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Can Microsoft Revive Consumer Smart Glasses?
Wearable Tech World Feature Article
February 02, 2016
Can Microsoft Revive Consumer Smart Glasses?
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By Steve Anderson
Contributing Writer

While Google Glass didn't go as far as some might have liked, Microsoft (News - Alert) is not planning to let this market die quietly. Sure, smart glasses have made a great case at the corporate level, but there's still room for a consumer market. Microsoft plans to make a push in the market, and help drive it to some noteworthy new levels, as illustrated by a new study from Juniper Research (News - Alert).


The Juniper Research study suggests that, in 2020, over 12 million consumer smart glasses will ship, and most of the growth in the market will arrive after 2017. Given that there were fewer than one million devices shipped in 2016 over the entire market, that's a fairly big gain. The biggest hit to the market came with the departure of Google (News - Alert) Glass, a hit so big it actually knocked the market about 15 months behind previous schedule. The arrival of several new devices, however—Sony's, the Magic Leap and the Microsoft HoloLens—should likely perk the market back up and achieve those sales targets noted earlier.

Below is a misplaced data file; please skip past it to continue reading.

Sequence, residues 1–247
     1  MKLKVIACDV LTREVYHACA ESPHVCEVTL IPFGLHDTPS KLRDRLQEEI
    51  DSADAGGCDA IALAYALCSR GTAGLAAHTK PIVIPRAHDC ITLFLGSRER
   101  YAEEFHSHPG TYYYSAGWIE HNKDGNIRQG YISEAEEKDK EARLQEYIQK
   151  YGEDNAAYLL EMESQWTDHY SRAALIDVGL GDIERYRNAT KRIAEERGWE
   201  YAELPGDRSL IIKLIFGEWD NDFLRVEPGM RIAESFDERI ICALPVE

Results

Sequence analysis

Already several devices have offered noteworthy use cases; the Recon Jet, for example, has proven useful for athletes, particularly cyclists. Aside from these examples, however, the notion of how to use these devices has left potential users uncertain of the value. Reports suggest that real success will come from smart glasses being used mainly at home, rather than taken everywhere. The Atheer One put this method to use, but its departure from the market left a fairly substantial hole behind. Naturally, the use of smart glasses in the workplace will still be huge, but for the consumer market it will take something of a different proposition.

This is a reasonable notion; one of the biggest objections to Google Glass was its always-on cameras. The users didn't so much object to that as did everyone around the users at the time. There were some places that refused service to anyone wearing Google Glass, and that's not the kind of thing that encourages use. So the notion of a home-based system that puts smart glasses to work is reasonable, and might be best. The idea of watching television while wearing smart glasses is noteworthy; one could look at a commercial and want more information about a product on screen. However, one key use case—one I've always believed to be the best—for smart glasses is gone at home: navigation. Being able to see representations of turn arrows right in a driver's field of view is much more helpful than looking at a dash-mounted unit. Say what you will about distracted driving, but I maintain a driver constantly looking at the road, even to get directions, is less distracted than a driver looking at a dash unit.

Still, the opportunities are there, and Microsoft HoloLens might be able to succeed where Google could not. That's an unusual proposition by itself, and one that bears watching the closer we get to 2020.




Edited by Kyle Piscioniere


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